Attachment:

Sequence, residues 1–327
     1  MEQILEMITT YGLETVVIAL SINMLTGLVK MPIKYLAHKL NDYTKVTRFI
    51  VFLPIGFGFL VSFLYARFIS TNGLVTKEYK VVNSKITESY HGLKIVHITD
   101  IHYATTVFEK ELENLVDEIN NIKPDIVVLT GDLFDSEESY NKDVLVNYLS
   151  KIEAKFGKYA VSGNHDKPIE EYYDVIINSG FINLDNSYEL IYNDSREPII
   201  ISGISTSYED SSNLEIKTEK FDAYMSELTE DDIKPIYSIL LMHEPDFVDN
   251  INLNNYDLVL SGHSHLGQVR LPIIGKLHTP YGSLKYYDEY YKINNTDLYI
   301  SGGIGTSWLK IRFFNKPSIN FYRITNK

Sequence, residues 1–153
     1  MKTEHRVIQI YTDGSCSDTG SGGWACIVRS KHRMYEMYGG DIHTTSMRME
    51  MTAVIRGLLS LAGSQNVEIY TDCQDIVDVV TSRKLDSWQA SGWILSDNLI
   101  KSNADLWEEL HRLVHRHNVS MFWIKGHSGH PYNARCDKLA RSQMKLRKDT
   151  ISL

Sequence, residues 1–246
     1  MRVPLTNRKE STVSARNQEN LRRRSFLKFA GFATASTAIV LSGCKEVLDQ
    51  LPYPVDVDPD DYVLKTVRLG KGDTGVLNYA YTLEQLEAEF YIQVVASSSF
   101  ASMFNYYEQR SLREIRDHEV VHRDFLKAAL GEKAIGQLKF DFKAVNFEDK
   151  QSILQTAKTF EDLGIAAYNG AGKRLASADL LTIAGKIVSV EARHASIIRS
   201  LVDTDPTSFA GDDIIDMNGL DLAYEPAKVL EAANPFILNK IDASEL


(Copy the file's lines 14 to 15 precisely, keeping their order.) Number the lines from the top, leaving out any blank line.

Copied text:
Sequence, residues 1–246
     1  MRVPLTNRKE STVSARNQEN LRRRSFLKFA GFATASTAIV LSGCKEVLDQ